Fragrance @ 60.5 cts ( Property & Hotels / Singapore ) 6 comments
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1.Extremely high gearing of ~2X
2.Positioning at low-to-mid end of property and hotel segment may not reap it the best benefits of sector-wide reflation
It is rare that I would advise against buying a stock that has been regularly purchased by insiders, but this is one of them. Despite the CEO/chairman Koh Wee Meng regularly making open market purchases since the IPO, I think the share price has now reached a stage where the risk outweighs the opportunity cost (of not buying).
We all know what has provided the impetus for the stock to surge from 30 cents to 60 cents these couple of months. The spotlight on property stocks was first triggered by the rise of REITs, then the purchase of Raffles Group's hotels, then finally the relaxation of regulations governing property purchases by the government. This sudden rise of optimism has benefited the share prices of boutique developers like Ho Bee and Fragrance the most, sending them up 70-100% within two months.
Whether the rise is justified depends on one's view of the property market. To me, the improvement in this sector is real, but only certain segments are likely to benefit strongly because consumer sentiment is still weak after the collapse in prices since 1996. In the residential segment, luxury apartments in prime districts (eg. 9 and 10) and future hotspots are the ones to look out for. That is why I think Ho Bee's rise is more justified, given its excellent positioning in Sentosa projects where optimism will be underpinned by the coming IRs in 2008-9. Fragrance's property development portfolio seems to be in budget areas like Hougang, Serangoon and Balestier. Given the current oversupply of HDB flats and their recently announced plans to introduce design-build-sell apartments built by private developers, the consumer liquidity available for low-range (ie. affordable) condominium units is going to be limited. There is a reason why the big developers choose to develop properties in expensive downtown areas.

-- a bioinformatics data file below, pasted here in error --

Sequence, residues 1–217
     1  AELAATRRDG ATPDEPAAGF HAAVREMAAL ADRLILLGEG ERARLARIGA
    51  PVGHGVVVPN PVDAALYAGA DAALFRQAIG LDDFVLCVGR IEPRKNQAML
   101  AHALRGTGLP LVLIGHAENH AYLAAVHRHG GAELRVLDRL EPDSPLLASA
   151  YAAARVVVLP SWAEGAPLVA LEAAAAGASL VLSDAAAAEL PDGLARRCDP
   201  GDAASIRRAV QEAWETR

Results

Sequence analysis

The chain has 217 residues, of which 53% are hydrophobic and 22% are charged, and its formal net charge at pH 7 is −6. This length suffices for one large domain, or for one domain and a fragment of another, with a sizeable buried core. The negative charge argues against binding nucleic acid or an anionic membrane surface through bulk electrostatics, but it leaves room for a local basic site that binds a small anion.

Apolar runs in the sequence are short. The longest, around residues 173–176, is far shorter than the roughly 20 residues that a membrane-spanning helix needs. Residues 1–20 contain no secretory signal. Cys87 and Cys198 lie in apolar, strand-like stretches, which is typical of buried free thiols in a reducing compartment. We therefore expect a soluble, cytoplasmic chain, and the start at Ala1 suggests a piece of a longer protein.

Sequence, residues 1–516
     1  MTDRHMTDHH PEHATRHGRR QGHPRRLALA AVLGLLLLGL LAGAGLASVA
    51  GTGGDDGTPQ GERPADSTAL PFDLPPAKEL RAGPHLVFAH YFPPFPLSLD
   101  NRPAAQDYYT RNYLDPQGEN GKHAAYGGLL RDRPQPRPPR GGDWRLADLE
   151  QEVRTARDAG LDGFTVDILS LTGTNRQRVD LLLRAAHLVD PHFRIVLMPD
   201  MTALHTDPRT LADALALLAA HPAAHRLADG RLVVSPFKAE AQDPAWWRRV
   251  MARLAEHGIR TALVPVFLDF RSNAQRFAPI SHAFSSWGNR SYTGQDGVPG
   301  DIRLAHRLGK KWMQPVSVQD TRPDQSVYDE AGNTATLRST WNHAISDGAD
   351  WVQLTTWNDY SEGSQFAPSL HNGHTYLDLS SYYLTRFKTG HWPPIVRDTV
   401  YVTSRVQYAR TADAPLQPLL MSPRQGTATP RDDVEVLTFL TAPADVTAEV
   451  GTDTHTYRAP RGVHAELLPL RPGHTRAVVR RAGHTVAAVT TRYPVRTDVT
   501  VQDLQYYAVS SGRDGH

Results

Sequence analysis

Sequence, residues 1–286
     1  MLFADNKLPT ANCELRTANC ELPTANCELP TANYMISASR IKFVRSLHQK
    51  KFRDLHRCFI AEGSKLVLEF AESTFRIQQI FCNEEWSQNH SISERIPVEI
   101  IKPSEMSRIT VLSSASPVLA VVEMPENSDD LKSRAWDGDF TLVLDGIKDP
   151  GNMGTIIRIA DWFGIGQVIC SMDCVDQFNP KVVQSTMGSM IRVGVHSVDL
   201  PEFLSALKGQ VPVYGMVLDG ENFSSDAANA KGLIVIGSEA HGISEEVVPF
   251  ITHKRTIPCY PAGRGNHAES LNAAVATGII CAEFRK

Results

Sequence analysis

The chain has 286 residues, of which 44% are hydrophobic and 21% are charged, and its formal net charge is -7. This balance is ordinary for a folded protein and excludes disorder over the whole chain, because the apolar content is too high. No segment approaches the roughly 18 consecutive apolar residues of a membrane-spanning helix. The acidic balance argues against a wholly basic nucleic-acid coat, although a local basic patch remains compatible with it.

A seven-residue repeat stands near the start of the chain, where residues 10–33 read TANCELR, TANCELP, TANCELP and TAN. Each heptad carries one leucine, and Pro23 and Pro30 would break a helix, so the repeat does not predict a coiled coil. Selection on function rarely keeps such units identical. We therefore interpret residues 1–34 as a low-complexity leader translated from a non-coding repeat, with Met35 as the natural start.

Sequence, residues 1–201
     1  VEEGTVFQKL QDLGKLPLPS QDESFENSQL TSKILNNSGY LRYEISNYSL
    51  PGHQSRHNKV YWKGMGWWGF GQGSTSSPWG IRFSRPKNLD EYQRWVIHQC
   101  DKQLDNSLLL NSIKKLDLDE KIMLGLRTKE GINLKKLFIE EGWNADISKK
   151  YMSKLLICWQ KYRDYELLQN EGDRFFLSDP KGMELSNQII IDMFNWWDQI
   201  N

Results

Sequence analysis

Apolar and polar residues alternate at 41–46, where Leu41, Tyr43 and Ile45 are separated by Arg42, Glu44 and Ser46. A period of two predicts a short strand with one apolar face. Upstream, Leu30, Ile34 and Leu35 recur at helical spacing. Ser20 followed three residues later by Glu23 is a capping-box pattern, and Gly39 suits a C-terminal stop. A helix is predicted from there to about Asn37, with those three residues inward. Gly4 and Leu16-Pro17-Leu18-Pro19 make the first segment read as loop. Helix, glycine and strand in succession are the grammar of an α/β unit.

Fragrance's other segment is the budget hotel division, which although contributing only 25% of revenue accounts for about half the net profit. Of course, the location of their hotels suggests a certain kind of clientele (guess?), which while generating steady income may not be palatable to general tourists. Not even those travelling by budget airlines, in my view. I have had friends coming to Singpore who actively protested against staying in Geylang/Balestier hotels despite their affordability; they would rather spend more and stay near the city, in mid-range hotels. That's why there was a report recently about a shortage of three-star hotel rooms --- not the lower-end, nor the higher-end.
But to me, the greatest problem with Fragrance lies with its balance sheet and its method of financing. Gearing is extremely high; its long-term bank loans weigh in at >S$100M while shareholder equity is only less than S$50M. Besides having to pay increasing amounts for debt servicing as interest rates increase, it also runs the risk of financial problems should take-up rate of its property developments turn out to be substantially poorer than planned. One only has to look back towards the 1997 financial crisis to see the effects of a collapse in consumer demand for property: the more conservative developers survived, while the heavily leveraged ran into insolvency and were bankrupted. Fragrance has no intention of mitigating this risk as shown in its latest HY05 statement: it paid back S$18M but borrowed another S$34M. Some of this borrowings would be used to pay a 2-cent interim dividend amounting to S$3.4M, in a half where operating cashflow was negative. Clearly Fragrance's management are counting on a better second half (as reflected in the management outlook) and collection of receivables (which had about doubled from S$13M to S$25M). It probably would be, but I would look at other better-financed property stocks with more reasonable valuations (some with P/NTA<1) rather than Fragrance (P/NTA>2!). In property, as with banks, asset backing and financial risk management is everything.